After a sunny start to Te Matatini yesterday, the rain didn't deter the crowds from turning up en masse in a cheerful spirit to support their home teams.
Day two of the national Māori performing arts festival kicked off this morning at Christchurch's Hagley Park.
After a bout of showers this morning, the sun came out just after midday to light up the stage again.
People came from everywhere, not only from Aotearoa, but from as far afield as Switzerland to experience the wairua (vibe) of what's been described as the Olympics of Māori performing arts.
A volunteer at the event from South Canterbury said after a dry summer it was a blessing to see some rain.
"Definitely a good day and definitely the weather has really picked up now... It was bucketing down this morning," he said.
"Definitely a good vibe down around here and it's good to see a lot of the school kids coming out and supporting it too and a lot of families, and it's good."
A spectator who lives in Christchurch, who was originally from Tauranga, said it was great to see heaps of his whanaunga at Te Matatini, even though it got off to a soggy start.
"Wet, wet and now it's hot and I think it's going to be wet again later," he said.
"Just good to see everyone from Tauranga here today too, supporting our group that was on this morning."
A women who came to the festival from Rotorua said she wasn't bothered by the inclement weather and that she was just excited to be there.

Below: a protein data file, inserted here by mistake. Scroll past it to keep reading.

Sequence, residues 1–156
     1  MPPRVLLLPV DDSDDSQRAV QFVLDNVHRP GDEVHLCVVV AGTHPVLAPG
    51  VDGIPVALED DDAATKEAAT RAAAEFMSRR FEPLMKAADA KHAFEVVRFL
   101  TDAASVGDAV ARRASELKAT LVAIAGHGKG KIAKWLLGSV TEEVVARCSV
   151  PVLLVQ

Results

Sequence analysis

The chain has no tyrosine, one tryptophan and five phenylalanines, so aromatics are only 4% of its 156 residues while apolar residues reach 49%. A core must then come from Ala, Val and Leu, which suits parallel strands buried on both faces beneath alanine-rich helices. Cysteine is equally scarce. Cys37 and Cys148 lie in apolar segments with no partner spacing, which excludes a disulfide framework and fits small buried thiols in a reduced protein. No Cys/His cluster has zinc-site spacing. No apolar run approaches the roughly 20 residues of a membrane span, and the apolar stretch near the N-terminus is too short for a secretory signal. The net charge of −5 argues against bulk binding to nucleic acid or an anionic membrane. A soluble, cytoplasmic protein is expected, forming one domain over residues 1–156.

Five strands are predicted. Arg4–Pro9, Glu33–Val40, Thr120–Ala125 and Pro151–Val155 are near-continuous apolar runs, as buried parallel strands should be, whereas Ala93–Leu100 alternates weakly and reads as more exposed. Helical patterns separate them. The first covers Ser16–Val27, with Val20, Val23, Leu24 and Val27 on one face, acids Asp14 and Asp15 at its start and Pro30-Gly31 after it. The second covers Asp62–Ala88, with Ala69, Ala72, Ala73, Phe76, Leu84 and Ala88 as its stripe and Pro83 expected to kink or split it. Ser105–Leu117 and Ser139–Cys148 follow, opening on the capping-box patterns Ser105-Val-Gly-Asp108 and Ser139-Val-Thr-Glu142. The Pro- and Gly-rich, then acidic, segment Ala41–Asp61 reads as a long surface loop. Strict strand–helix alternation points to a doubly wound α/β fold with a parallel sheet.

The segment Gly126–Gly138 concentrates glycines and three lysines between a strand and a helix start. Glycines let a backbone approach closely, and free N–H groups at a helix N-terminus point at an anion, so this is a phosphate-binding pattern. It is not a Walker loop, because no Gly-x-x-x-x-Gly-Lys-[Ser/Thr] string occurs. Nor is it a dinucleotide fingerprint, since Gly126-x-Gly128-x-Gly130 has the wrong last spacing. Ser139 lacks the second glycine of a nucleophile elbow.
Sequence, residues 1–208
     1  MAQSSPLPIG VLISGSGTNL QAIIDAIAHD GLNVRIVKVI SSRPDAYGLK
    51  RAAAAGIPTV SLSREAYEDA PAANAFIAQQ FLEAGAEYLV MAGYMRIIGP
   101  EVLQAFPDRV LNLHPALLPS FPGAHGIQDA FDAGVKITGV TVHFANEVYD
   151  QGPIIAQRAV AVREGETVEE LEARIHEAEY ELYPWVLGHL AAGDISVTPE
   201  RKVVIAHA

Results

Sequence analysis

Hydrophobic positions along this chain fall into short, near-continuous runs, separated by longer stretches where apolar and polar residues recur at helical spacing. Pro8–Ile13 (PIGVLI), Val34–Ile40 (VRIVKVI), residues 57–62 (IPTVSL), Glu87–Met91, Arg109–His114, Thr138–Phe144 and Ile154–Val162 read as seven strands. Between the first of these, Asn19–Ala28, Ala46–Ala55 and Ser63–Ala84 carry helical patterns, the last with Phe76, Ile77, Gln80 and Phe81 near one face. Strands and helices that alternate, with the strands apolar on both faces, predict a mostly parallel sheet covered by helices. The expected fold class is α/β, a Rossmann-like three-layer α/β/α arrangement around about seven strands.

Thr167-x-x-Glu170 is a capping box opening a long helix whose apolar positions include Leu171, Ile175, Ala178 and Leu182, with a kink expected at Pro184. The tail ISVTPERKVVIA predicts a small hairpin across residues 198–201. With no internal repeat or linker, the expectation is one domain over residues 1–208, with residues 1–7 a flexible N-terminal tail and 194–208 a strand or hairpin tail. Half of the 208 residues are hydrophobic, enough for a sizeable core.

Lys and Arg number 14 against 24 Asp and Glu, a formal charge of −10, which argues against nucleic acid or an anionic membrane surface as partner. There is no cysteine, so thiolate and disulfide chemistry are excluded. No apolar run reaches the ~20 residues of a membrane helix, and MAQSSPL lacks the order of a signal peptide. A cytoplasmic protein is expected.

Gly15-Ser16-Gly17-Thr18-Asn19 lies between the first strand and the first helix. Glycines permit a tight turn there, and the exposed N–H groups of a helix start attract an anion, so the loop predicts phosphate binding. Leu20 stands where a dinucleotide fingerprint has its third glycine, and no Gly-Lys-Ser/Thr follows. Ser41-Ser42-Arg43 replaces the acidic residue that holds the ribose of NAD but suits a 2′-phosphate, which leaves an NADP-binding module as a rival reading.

"Oh it's been awesome... Rain, hail or snow, nothing was going to keep me and my mokos (grandchildren) away today", she said.
"I've come here to tautoko (support) our roopu (teams) from there (Te Arawa region) so I haven't got one favourite, they're all my favourites."
A couple from Europe on holiday in Christchurch came across Te Matatini "by accident" and were amazed by the Māori performing arts on stage.
"We're from Switzerland actually and it's pretty cool and very impressive, it's good fun," he said.
Te Manu Kōrihi asked the tourist how he found out about the event.
"By accident, to be honest [they just happened to stumble across it when they were exploring Christchurch], but it's very exciting and the weather has brightened up so it's perfect."
Day three of the event starts just before 9am tomorrow and, like today, MetService is forecasting a period of rain in the morning and a chance of an afternoon shower with temperatures in the early 20s.
A team from the Aotea region, which includes Taranaki and Whanganui, Tuutuu Kaa'ika, is the first kapa to perform on Saturday morning.